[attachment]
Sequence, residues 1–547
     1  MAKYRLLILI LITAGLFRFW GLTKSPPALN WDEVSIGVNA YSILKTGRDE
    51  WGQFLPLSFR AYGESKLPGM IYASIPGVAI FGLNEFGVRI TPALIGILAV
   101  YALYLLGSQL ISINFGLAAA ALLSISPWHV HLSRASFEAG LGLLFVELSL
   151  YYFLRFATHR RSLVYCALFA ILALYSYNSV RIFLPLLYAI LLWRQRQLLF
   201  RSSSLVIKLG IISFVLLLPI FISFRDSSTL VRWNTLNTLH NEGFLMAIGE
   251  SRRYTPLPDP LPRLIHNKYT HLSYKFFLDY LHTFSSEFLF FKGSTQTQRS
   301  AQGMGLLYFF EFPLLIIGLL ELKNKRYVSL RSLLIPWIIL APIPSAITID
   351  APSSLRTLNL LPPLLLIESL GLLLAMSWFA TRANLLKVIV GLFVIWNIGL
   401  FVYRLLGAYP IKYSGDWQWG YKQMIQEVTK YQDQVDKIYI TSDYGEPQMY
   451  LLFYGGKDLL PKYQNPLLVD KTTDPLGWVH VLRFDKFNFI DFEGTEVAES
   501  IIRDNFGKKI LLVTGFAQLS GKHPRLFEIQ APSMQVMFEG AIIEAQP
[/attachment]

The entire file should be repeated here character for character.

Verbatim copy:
Sequence, residues 1–547
     1  MAKYRLLILI LITAGLFRFW GLTKSPPALN WDEVSIGVNA YSILKTGRDE
    51  WGQFLPLSFR AYGESKLPGM IYASIPGVAI FGLNEFGVRI TPALIGILAV
   101  YALYLLGSQL ISINFGLAAA ALLSISPWHV HLSRASFEAG LGLLFVELSL
   151  YYFLRFATHR RSLVYCALFA ILALYSYNSV RIFLPLLYAI LLWRQRQLLF
   201  RSSSLVIKLG IISFVLLLPI FISFRDSSTL VRWNTLNTLH NEGFLMAIGE
   251  SRRYTPLPDP LPRLIHNKYT HLSYKFFLDY LHTFSSEFLF FKGSTQTQRS
   301  AQGMGLLYFF EFPLLIIGLL ELKNKRYVSL RSLLIPWIIL APIPSAITID
   351  APSSLRTLNL LPPLLLIESL GLLLAMSWFA TRANLLKVIV GLFVIWNIGL
   401  FVYRLLGAYP IKYSGDWQWG YKQMIQEVTK YQDQVDKIYI TSDYGEPQMY
   451  LLFYGGKDLL PKYQNPLLVD KTTDPLGWVH VLRFDKFNFI DFEGTEVAES
   501  IIRDNFGKKI LLVTGFAQLS GKHPRLFEIQ APSMQVMFEG AIIEAQP